An £85 million "secure college" is to be built as part of Government plans to improve education for those under the age of 18 who are convicted of a crime.
Up to 320 young offenders aged between 12 and 17-years-old will be housed in the Leicestershire building, which is expected to open in 2017.
The facility will be run by a head teacher or principal rather than a prison governor, backed up by a team of education professionals who will care for inmates housed on the site in living blocks.
Justice Secretary Chris Grayling said: "Nearly three-quarters of young offenders who leave custody re-offend within a year; clearly the system as it is at the moment isn't working.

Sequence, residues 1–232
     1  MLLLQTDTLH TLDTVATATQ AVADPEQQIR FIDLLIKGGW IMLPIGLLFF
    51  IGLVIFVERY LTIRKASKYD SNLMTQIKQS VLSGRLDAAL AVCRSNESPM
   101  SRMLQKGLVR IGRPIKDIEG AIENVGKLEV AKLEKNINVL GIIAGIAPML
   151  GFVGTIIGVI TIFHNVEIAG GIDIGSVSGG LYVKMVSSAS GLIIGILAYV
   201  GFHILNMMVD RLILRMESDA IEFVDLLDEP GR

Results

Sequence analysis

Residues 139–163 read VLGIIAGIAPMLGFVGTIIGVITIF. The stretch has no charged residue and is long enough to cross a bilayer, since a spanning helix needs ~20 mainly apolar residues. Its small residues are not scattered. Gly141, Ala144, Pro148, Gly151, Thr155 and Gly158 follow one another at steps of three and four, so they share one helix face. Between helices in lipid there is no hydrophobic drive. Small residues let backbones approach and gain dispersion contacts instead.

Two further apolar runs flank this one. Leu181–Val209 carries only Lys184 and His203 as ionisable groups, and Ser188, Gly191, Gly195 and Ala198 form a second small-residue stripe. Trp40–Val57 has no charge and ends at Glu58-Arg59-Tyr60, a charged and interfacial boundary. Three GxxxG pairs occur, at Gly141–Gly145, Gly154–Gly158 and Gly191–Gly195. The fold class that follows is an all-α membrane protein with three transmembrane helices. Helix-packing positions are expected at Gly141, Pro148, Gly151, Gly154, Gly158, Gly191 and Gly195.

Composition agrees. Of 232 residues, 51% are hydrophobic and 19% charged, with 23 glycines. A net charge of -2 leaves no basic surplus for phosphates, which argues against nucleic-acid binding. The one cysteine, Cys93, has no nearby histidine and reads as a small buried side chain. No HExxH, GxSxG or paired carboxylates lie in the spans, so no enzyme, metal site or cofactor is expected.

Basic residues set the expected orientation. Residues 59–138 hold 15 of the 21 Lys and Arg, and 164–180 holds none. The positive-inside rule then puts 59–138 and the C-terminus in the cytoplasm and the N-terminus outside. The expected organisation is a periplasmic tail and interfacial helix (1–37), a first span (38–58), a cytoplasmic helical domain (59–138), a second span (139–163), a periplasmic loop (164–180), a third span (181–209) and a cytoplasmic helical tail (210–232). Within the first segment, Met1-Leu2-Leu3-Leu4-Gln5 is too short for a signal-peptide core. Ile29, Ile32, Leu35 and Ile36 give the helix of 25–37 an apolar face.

"It's right that the most serious or persistent young offenders face custody but we must use this time to tackle the root cause of their offending and give them the skills and self-discipline they need to gain employment or training upon release."
More top news
The Met Office is maintaining a severe weather warning in parts of eastern England through Tuesday and into Wednesday.
Blur frontman Damon Albarn and The Lewisham and Greenwich NHS Choir have been added to the final Glastonbury line-up.
Amber Heard's lawyers said her decision not to give an initial police statement has been used against her by Johnny Depp's legal team.